Your money or your life? Coronavirus-era economics makes us ask grim questions about how to value each other
Long before COVID-19 cases rose and markets plummeted, economists had ways to measure what a human life is worth – but the public, and the health officials keeping them safe, have their own ideas about that too. Who should we listen to in this crisis, and the rebuilding that comes after?
Published April 12, 2020
graph above: Murat Yükselir and John Sopinski/ The Globe and Mail, Source: John Hopkins University; Yahoo Finance
WN: This is an eminently reasonable and well-researched article that, as suggested by the title, puts the two values alongside each other. And, as it turns out, we may have our cake and eat it too! Explains the writer:
In other words, if physical distancing saves 140,000 Canadian lives over the course of the pandemic – another conservative estimate – that’s worth $1.5-trillion. That’s more than seven times the projected $200-billion cost of the Trudeau-Morneau bailout. Physical distancing may be an economic nightmare, but it’s also a solid rebuke to bottom-line assessments of the value of human existence.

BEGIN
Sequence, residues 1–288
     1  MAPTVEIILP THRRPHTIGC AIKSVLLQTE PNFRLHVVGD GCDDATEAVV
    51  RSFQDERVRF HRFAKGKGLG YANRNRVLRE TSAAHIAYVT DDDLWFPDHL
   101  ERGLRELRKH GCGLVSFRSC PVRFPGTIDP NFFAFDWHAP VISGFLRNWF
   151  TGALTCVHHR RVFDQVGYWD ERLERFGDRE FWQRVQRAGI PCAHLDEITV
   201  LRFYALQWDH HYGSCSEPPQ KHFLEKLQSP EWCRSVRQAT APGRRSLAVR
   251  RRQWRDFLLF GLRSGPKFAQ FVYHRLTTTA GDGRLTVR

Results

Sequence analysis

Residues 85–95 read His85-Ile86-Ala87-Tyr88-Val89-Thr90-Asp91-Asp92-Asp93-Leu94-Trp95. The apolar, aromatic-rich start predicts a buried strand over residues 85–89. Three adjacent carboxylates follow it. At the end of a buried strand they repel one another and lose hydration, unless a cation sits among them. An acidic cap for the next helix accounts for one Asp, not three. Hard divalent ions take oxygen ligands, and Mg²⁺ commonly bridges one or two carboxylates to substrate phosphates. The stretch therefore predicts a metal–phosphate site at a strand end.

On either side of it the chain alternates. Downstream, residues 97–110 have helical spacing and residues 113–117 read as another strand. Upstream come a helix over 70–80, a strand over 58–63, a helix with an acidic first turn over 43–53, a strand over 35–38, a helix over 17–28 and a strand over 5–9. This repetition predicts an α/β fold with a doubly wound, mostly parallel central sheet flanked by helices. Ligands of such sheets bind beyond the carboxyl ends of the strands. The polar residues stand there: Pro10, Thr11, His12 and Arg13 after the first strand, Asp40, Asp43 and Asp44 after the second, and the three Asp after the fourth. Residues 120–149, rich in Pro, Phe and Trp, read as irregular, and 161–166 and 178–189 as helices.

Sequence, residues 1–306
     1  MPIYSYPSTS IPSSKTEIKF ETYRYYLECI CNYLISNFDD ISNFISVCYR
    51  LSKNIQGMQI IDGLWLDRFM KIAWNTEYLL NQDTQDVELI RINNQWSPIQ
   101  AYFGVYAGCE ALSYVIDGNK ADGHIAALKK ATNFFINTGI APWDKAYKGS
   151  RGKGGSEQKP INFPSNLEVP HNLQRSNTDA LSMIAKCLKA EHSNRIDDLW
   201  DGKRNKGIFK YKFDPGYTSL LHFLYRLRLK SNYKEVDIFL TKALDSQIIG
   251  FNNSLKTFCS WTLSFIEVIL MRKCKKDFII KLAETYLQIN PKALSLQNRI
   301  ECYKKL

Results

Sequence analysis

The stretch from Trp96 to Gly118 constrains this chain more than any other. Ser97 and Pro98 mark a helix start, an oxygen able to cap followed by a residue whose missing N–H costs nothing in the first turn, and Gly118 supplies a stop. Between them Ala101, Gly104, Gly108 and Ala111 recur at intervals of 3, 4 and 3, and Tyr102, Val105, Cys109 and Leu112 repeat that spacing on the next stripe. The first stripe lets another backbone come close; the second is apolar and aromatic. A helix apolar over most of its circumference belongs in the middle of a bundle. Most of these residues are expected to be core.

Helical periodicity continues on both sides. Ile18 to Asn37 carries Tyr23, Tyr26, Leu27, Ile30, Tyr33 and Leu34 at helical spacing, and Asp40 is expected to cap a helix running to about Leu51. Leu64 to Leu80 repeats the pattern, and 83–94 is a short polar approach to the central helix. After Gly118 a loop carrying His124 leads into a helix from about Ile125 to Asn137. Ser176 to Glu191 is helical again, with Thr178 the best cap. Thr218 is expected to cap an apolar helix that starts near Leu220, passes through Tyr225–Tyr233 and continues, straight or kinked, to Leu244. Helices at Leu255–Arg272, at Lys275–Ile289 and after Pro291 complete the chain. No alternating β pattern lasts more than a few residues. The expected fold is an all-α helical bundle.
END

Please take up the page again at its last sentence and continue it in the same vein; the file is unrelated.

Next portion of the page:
It’s an outstanding article, and has been updated once so far, so perhaps more will follow. The Globe and Mail is making these articles free to the public, though asks for purchase of a subscription.
But there is another pair of artifacts you can stare at long enough to induce existential terror: the chart of the upward surge of global coronavirus cases, and the graph of the stock market’s harrowing plummet because of them.
Both curves are steep. The free-falling stock chart is a cliff you don’t want to stand too close to. The pitch of the rising COVID cases, on the other hand, is more like the upper slope of a glacier, if you have ever skied up one: It keeps going up, and up, and up, and even when you think you have the top in sight, you don’t. It never seems to level off.
Together, the two charts describe the world today and as far as anyone can see into the future, thanks to the COVID-19 pandemic, a one-of-a-kind event no human has ever experienced on this scale before.
The stock market lost a third of its value between Feb. 12 – the day the number of coronavirus deaths passed 1,000 in China – and March 23, when it finally hit bottom after a string of rolling losses. More than US$26-trillion evaporated from funds and retirement portfolios, years of savings swept away. (None of this has been predictable: Last week, with COVID-19 deaths in a rapid climb, the market had recovered a quarter of its losses).
The paralyzed economy isn’t faring any better. More than a million Canadians have lost their jobs so far, and 2.5 million more may join them by the end of April. (More than 16 million Americans are now unemployed.) Growth in Canada is expected to drop by 25 per cent in the next quarter alone. The culture of office work may never recover, for better or worse; the use of cash has dropped by half around the world.
Please click on: Your Money or Your Life